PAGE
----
By Dawn Graczyk
We were slow loading up to leave. In part because I was doing my best to be meticulous, in part because my brain was fighting a battle about whether or not we really should go.
My thoughts sound like this:
If something happens, you are on your own with strange doctors. You know how much fun strange doctors are. And where would Anneliese go?
You realize the Russians chose this week to hack the pipeline. Are you REALLY still going? Can you imagine how gas prices are going to go up?
You only get a paycheck once a month now, so there is no buffer. When it’s gone, it’s gone. It’s pretty much gone because bills are going to be due in a couple weeks.
Maybe you should call it off.
Is it Too Late to Call it Off?
But for better or worse, it is too late to call it off. Too much planning, kindness and excitement surround this adventure. It would crush the girls to cancel. No, this is happening. I can’t help but feel that God wants this to happen. Even with all the chaos and events that seem to scream at me to stay home, the outpouring of love and investment of Spreading Sunshine and many others pulls me forward.
I have so many fears. I fight nightmares so badly that I take one of the strongest meds I can just to sleep at night. During the day, I am able to set them aside because my family is my heart, and they need me. There are things here, now, that must be done, and it keeps me moving. But no, I am never fearless.
Driving across the US in a van that is literally duct taped together is less intimidating than the other fears we face every day. I suppose this is a blessing in its own right.
What I fear most is coming. I am powerless to stop it. I’ve fought for the last couple years to find a way to change the future. I’ve made myself rather a nuisance to our health care team, who somehow has not given up on me, but in fact, has become one of the greatest blessings in our life.
However, there is a point in a war when it becomes apparent that the outcome is determined. I’ve arrived at this point. We are heading to the end of a war I can not win, in the way I most want to win it.
GOING is the Victory
Our victory will not be a reversal of the damage this disease (FA) has caused. It likely won’t even be a halt in progression.
I continued with my checklist: underwear; toothbrushes; headphones. Check. Respiratory equipment, meds, stethoscope. Check. Tickets to Disney because Lord knows we can’t afford civilian rates (Disney really does treat the military well); bottled water; chargers. Yep, all there. Doctor’s letters, community DNR. Yes. We were ready.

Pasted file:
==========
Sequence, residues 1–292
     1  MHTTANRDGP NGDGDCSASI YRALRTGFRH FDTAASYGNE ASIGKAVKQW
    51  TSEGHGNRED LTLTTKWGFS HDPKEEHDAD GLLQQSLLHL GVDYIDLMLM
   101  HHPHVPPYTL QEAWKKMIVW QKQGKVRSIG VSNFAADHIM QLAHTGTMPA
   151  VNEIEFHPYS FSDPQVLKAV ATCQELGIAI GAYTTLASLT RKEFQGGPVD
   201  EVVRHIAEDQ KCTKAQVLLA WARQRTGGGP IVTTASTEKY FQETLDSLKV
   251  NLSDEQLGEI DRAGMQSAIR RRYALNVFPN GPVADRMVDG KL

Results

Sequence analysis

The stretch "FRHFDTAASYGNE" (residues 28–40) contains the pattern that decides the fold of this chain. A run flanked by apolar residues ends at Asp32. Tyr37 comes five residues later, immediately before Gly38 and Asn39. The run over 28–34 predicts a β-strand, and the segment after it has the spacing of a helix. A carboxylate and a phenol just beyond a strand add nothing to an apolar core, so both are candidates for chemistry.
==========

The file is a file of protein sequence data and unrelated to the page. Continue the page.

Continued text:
The first offensive in our victory was simply GOING. We made a statement to this hateful disease. We walked up the world’s steepest and biggest ramp to reach Fluffybutt Cookies. Seriously, Columbia, I don’t know anyone in a wheelchair that could have pushed themselves up that ramp.
Laughter Overcomes Discouragement
I carried the wheelchair down stairs because the elevators, quite logically, open to a set of stairs (this is actually quite common). We wound up on a third floor, outdoor balcony, locked out, and facing three flights down (I did not push the wheelchair down these stairs).
When Marissa wanted to ride the eagle on the carousel, we ignored or brushed off the looks of onlookers as I lifted Marissa over my head to get her on the carousel. Darn it, she wanted to ride the eagle, and she was going to ride the eagle! We laughed getting off, because I had to lift her down and carry her as a man would carry his wife across the threshold of the carousel and back to her chair. And we LAUGHED as we did it.
WE LAUGHED, and we took away the power of discouragement. We were victorious.
Yesterday ended with Marissa and I feeling exhausted. Of course, Anneliese was still overflowing with energy. She loves her sister though and made no complaints over watching movies while I collapsed in bed. WE WON.
Our victory is in laughter and perseverance. It is in choosing to go forward and take hold of all we can along the way. It is resting when we need to rest; crying when we need to cry; allowing ourselves to feel defeat but still getting back up. We always get back up.
Click to learn more about Riding on Sunshine.